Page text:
In the UP, 25% of residences rely on propane as a primary energy source. Since there are few alternatives to natural gas (and propane, derived from natural gas) for heating, “it makes it really easy for our prices to go up,” Hill said. In the winter of 2013-14, pipeline closures due to routine maintenance and unexpected extreme weather, plus high demand for propane for crop drying and heating use spurred by the polar vortex, caused residential propane prices to jump nearly 90%.


The group learned that Enbridge’s prices to move the product are capped by federal regulators, no matter the level of demand, leaving questions about who profited from these price spikes. Another question raised is why residential customers in Wisconsin and Minnesota consistently pay lower prices for propane than residential customers in Michigan.

The meeting also emphasized the tight, steady state nature of the system. In summary, by controlling the pressure in the Line 5 pipeline, product is sent in batches of 80% light crude and 20% NGLs as customers make contracts to buy it. Delivery through a pipeline is more efficient than by railroad. Contracts can be negotiated for just-in-time delivery using a pipeline, in contrast to using trains, which require a 10-day delivery window. Plains Marketing estimated that the cost through a pipeline is pennies per gallon while through rail is dimes per gallon.

Both Plains Marketing and Enbridge noted that as demand has increased for the product, they did not want to slow down its movement through the pipeline. To meet the rising demand, Plains Marketing and other companies expanded long-term storage in southeast Michigan and in Sarnia, Ontario. This storage is mostly in enormous underground salt caverns unique to the geology of the area. They are relatively inexpensive to build and can be used to store NGLs for months at a time. These storage facilities are important for the Midwest US and Eastern North American propane supply and to supply the worldwide market.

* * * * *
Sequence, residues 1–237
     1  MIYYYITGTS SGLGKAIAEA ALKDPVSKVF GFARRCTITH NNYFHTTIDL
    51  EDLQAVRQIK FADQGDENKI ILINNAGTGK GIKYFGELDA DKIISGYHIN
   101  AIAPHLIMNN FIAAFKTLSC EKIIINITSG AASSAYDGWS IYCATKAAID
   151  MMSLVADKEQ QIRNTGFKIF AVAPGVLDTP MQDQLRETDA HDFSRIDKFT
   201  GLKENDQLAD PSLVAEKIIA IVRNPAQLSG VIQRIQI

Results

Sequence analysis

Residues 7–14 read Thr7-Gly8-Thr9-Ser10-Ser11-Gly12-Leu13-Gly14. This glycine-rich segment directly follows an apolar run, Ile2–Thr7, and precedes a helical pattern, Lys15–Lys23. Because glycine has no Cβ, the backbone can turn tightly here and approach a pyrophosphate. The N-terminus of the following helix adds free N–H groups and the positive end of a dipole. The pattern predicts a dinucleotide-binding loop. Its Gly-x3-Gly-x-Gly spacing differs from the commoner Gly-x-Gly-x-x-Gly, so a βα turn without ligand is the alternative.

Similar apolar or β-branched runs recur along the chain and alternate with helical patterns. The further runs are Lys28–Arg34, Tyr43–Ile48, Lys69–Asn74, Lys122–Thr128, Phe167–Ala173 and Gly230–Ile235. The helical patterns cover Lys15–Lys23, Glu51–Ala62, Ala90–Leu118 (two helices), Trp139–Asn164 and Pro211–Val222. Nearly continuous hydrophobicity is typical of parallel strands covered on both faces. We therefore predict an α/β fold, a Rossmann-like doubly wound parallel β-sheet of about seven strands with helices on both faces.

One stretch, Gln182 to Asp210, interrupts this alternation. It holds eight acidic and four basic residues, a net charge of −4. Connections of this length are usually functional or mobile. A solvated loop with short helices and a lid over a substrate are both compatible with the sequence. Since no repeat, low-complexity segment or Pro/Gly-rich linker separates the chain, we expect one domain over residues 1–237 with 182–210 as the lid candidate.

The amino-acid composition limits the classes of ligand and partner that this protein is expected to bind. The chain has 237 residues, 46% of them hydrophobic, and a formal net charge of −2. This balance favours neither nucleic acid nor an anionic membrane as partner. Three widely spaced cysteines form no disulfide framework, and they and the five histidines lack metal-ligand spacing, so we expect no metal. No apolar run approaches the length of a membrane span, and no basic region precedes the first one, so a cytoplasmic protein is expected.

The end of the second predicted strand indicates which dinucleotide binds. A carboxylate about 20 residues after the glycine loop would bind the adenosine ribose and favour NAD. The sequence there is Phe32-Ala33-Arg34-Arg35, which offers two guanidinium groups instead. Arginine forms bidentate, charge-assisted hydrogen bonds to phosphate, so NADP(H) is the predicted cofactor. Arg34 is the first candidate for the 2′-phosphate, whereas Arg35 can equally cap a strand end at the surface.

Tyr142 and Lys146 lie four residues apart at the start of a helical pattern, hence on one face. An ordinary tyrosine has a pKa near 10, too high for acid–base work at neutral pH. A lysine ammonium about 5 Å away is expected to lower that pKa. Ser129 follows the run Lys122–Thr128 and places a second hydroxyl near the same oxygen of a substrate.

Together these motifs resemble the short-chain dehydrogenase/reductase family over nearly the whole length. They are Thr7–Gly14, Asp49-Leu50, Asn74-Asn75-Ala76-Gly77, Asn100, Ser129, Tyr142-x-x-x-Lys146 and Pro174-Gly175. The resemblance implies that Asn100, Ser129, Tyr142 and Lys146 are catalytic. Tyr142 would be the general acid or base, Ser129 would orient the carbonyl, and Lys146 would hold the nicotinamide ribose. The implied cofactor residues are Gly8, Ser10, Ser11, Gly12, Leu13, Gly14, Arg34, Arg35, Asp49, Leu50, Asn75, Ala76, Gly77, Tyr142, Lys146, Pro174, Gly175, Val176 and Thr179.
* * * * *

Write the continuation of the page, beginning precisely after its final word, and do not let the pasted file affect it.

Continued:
To complete its understanding of the current propane delivery system, the Task Force has spent part of its August and September meetings learning about the operations of the facility in Rapid River in the UP, which supplies most of the propane used by customers in the UP, as well as some in Wisconsin. The Rapid River facility is owned by Plains Marketing and receives inputs only from Line 5. It is managed to meet seasonal demands, is used primarily in the wintertime and has storage that would serve approximately two weeks and cannot be relied on for longer than that. The distribution companies load propane onto trucks at the facility and deliver it to customers as needed.